The first signs that NFL Commissioner Roger Goodell would speak came Friday morning. He started telling staffers that he felt he needed to say more, and he was driven by a range of factors, those familiar with the day’s events said.

There was the video that superstar players made with the assistance of an NFL content producer, urging Goodell to admit past wrongs and say, “Black Lives Matter.” There were messages from league employees, including one who described a feeling of “helplessness.” There were his own history and his own internal views, which he had to balance against the potential wishes of the team owners he works for.

By Friday evening, the NFL had released an 81-second video of Goodell, in the basement of his home in Bronxville, N.Y., that served as another marker of the shift in how mainstream America discusses race, policing and systemic oppression. Goodell acted with little input from the owners as he said the league was wrong for not listening to its players earlier and now encourages them to speak out and peacefully protest racial injustice and police mistreatment of African Americans.

The lack of involvement by the owners was described Saturday by several people familiar with the events leading up to Goodell’s statement. It marked a stunning change from the NFL’s approach in 2017 when it dealt with the debate, intensified by President Trump, over players protesting during the national anthem before games.

This time, amid nationwide and worldwide outrage over the death of George Floyd while in police custody in Minneapolis, Goodell opted to carve out a position that is strongly supportive of the players and at odds with Trump, who has called protests by NFL players during the anthem unpatriotic. One person familiar with the NFL’s inner workings said Saturday that, while owners were taken off guard by Goodell’s remarks, most will be supportive, with some possible — and notable — exceptions.

“I was a little surprised by it,” the person said, speaking on the condition of anonymity because of the sensitivity of the topic. “But I think it was well done. I think it sent the right message. ... It’s not going to be unanimous, but I think most owners will support it.”

Many others showed support for Goodell. New Orleans Saints wide receiver Michael Thomas, one of the organizers of the players’ video released Thursday, wrote, “Well said Roger,” on Twitter with an emoji of a black fist. Kansas City Chiefs safety Tyrann Mathieu, who also appeared in the players’ video, said “I agree” when replying to a message declaring Goodell’s statement his finest moment as commissioner.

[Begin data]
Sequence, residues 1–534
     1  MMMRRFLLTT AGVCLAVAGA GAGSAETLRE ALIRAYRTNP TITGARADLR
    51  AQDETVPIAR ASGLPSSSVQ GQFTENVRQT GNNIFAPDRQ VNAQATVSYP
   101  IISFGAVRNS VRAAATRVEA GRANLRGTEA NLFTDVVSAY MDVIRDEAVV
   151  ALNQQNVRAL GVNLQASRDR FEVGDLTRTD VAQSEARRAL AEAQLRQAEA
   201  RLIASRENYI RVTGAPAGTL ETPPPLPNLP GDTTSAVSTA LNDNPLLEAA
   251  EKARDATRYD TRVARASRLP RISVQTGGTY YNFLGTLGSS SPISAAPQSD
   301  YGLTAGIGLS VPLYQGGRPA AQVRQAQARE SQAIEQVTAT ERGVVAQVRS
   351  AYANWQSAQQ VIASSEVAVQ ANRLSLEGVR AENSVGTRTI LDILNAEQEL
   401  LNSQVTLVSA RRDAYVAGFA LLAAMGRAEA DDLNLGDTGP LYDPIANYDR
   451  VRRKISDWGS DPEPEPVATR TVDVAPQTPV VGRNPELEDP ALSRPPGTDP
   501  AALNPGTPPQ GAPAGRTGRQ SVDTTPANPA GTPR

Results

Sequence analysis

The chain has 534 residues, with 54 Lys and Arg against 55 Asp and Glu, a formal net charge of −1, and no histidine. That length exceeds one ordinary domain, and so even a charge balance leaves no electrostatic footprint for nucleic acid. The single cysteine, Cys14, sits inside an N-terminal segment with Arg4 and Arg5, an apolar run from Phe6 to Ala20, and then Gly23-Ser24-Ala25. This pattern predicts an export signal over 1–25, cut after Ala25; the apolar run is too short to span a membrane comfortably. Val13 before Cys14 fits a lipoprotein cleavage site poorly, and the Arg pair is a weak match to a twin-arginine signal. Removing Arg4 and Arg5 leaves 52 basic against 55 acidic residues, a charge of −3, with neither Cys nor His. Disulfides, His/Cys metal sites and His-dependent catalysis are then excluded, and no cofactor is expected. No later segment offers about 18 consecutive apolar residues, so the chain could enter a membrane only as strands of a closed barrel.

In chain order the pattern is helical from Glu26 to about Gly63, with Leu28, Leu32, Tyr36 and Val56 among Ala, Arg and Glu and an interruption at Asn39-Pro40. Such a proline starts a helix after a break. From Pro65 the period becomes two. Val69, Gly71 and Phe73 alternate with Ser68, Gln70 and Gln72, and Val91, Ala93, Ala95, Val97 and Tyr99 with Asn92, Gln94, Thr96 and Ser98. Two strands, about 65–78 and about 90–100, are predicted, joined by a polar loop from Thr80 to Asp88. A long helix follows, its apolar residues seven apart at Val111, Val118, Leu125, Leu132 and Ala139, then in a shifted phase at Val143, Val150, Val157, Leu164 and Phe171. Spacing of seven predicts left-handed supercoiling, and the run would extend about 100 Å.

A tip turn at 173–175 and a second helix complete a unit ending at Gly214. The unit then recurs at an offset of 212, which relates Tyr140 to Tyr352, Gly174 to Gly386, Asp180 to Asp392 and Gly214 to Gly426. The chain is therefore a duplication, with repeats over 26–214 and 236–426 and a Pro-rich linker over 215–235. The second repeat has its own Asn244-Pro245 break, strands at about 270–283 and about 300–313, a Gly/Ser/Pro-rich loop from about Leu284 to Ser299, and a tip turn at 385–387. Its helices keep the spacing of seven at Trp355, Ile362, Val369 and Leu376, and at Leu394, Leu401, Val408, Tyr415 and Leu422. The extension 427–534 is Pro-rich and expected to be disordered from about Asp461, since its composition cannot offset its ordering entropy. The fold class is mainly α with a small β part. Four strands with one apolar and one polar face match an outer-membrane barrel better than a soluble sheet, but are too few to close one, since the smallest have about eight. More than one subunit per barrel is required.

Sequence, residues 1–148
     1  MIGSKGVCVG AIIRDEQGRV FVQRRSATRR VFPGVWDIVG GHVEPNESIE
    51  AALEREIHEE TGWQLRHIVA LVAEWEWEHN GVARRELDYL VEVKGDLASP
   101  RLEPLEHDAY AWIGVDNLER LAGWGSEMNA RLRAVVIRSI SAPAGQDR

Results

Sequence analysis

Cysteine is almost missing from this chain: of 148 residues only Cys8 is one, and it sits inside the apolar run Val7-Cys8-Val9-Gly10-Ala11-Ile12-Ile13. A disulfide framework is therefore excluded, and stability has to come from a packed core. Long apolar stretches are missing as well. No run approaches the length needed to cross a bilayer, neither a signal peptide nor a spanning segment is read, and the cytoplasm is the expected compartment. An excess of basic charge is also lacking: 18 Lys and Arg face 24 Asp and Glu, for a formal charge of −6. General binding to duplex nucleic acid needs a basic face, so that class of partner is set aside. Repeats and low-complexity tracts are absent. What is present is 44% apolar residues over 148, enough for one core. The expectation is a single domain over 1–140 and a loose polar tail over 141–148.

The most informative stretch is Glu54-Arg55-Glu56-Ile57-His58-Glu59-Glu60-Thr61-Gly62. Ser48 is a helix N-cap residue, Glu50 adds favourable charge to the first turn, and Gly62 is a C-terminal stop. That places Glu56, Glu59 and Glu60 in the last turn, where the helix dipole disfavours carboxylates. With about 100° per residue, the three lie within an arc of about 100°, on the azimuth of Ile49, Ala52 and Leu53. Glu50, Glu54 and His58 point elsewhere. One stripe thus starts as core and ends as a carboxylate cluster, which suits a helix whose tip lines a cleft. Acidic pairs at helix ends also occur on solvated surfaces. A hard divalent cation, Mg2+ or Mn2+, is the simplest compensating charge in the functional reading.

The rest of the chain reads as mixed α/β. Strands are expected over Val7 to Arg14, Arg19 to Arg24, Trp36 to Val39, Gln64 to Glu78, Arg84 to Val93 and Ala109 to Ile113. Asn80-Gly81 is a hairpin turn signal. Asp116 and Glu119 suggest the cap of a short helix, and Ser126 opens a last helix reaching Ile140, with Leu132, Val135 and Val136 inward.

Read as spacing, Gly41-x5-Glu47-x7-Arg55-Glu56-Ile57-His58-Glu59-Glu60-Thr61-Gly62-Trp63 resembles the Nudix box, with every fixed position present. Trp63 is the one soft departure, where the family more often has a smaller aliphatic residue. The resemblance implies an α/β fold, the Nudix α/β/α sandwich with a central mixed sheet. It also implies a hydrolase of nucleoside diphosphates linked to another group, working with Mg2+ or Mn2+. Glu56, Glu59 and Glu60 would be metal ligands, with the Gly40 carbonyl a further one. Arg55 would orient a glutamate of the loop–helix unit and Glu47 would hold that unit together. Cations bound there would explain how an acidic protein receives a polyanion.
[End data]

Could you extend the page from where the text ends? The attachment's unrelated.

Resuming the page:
But many criticized Goodell, particularly for not naming Colin Kaepernick, the former San Francisco 49ers quarterback who protested police brutality by kneeling during the anthem in 2016 and has not played since that season ended. Sociologist Harry Edwards, a consultant for the 49ers who has advised Goodell on social issues and views him as a friend, did not counsel Goodell on his speech. Edwards said he would have told Goodell not to make it as crafted. He felt the sentiment came two years late and that not mentioning Kaepernick by name or taking blame was wrong.

“It doesn’t mean anything,” Edwards said. “If you’re sitting on top of an organization which has three black coaches, two black GMs and Colin Kaepernick hanging over the entire NFL organization like a shroud, you can’t stand up and say, ‘Oh, okay, we get it.’ It’s too late for that. You got to say, ‘Here’s what we’re going to do.’ And this includes letting it be known Kaepernick will be on a roster at the beginning of the season — period.”

The reaction of some powerful figures in the league remains unknown. Some insiders wonder how Dallas Cowboys owner Jerry Jones, a member of the league’s old guard who has said his players must stand for the anthem, would respond. The Cowboys did not respond Saturday to a request for comment.

The league and owners realize there could be opposition from fans with views similar to Trump’s, according to the person familiar with the NFL’s inner workings.